Monday, March 02, 2020

MBA in a Nutshell #27 - Accounting and Finance : Improving Cash Flow

This section, while common sense for street-wise entrepreneurs, may not be too obvious for folks with no business experience.

Incoming money deals mainly with accounts receivable. Here are some tricks of every trade :

a) Have payments wired into your bank account - This earns interest and avoids delays from cheque processing.

b) Use a central bank account - This applies only if your organization is so big and decentralized, it has multiple bank accounts. One account can reduce bank charges and even earn more interest.

c) Give cash discounts for early payments - 2% if payment made within 10 days. Note that this can be a lot of money when annualized.

d) Bill customers on a timely basis - Odds of collecting a delinquent payment after 90 days is 75%, for 180 days is around 60%. Bill on a cyclical basis.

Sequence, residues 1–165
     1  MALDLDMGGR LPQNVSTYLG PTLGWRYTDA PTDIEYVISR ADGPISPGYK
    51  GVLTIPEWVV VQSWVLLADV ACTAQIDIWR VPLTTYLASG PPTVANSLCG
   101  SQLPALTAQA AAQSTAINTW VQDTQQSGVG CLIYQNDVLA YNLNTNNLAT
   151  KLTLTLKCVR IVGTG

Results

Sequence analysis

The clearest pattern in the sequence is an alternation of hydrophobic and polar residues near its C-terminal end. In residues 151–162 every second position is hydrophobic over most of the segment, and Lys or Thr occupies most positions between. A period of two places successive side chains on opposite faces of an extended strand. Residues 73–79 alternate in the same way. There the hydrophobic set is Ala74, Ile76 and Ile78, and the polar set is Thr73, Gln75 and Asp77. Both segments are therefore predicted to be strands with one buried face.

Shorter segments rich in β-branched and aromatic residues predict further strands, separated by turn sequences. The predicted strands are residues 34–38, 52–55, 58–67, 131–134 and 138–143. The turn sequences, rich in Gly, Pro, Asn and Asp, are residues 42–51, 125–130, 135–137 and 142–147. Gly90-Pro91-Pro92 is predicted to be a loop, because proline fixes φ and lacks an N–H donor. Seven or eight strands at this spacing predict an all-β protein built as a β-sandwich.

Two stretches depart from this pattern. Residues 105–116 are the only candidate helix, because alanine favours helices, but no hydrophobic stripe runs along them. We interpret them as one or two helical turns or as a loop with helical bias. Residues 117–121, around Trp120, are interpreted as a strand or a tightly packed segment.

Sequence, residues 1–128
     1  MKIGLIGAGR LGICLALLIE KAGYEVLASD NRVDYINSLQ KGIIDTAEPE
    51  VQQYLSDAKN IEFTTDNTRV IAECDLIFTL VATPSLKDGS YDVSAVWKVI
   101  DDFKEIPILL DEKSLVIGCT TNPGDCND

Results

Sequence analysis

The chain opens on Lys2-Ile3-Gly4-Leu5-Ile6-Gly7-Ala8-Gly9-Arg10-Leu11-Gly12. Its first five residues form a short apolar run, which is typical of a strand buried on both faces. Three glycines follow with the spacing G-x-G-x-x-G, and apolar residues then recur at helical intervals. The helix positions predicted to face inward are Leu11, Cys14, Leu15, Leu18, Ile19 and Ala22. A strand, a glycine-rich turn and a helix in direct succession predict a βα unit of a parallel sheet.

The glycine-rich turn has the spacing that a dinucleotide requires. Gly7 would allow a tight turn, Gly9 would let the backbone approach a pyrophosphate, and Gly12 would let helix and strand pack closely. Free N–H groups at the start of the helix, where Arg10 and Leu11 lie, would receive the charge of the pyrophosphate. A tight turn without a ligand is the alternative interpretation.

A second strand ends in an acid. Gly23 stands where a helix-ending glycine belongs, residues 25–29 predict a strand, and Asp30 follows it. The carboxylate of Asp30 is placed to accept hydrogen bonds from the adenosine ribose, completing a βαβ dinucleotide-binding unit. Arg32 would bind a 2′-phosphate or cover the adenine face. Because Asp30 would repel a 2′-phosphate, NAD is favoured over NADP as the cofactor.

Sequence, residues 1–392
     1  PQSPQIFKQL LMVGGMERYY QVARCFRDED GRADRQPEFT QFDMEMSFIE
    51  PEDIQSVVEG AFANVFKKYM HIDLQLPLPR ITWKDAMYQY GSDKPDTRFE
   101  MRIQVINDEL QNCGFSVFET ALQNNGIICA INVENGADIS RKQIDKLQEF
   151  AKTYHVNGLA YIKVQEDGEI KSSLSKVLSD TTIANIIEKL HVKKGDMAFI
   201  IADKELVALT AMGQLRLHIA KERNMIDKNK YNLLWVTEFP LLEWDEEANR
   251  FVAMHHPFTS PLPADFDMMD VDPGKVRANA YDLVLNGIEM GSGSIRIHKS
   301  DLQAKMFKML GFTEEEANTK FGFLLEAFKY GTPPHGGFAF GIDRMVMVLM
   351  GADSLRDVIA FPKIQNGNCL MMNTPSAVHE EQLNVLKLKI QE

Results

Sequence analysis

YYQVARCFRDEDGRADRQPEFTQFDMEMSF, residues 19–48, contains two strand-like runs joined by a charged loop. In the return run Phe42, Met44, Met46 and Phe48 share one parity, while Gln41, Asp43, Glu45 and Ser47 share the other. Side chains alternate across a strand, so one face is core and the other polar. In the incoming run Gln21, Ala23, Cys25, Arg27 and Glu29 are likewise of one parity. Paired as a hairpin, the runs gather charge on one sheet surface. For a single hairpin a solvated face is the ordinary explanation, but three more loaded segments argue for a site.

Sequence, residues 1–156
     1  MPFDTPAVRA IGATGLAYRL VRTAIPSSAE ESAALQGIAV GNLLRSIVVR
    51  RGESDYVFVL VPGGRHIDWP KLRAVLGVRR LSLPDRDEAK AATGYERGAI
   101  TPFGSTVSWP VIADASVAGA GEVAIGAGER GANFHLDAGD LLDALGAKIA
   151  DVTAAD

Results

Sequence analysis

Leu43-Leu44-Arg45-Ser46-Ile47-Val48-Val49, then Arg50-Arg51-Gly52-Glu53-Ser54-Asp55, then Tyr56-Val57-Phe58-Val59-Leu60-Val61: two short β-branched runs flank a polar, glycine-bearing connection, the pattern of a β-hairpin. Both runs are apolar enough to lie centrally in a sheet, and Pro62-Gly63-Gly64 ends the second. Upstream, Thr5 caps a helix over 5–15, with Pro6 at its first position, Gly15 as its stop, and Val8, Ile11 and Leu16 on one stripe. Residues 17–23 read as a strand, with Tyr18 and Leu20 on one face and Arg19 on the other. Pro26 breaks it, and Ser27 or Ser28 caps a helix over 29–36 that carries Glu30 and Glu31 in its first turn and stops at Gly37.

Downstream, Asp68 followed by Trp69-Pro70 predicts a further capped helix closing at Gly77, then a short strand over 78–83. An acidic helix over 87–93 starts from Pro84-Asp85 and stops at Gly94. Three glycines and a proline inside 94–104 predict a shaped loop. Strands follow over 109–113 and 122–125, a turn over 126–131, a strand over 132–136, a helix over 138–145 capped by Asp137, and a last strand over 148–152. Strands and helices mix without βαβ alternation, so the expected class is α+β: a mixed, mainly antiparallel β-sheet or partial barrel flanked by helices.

e) Make an active collection effort - Use a lawyer for a nice letter of demand if necessary.

f) Deposit receipts on a daily basis - Don't want to lose cash or cheques.

g) Use a factor - You can sell your accounts receivable at a slight loss, but the factor then will become responsible for collection.

Managing outgoing cash has a few bastard moves, all designed to maximize float within the company :

a) Centralize accounts payable and pay at the last moment - I would hate this if it is done to me.

b) Draw cheques from out of town banks to take advantage of float and take longer for cheques to clear - This sounds like a super bastard move that may not work here as we don't have out of town banks. Can someone share how this is done in practice?

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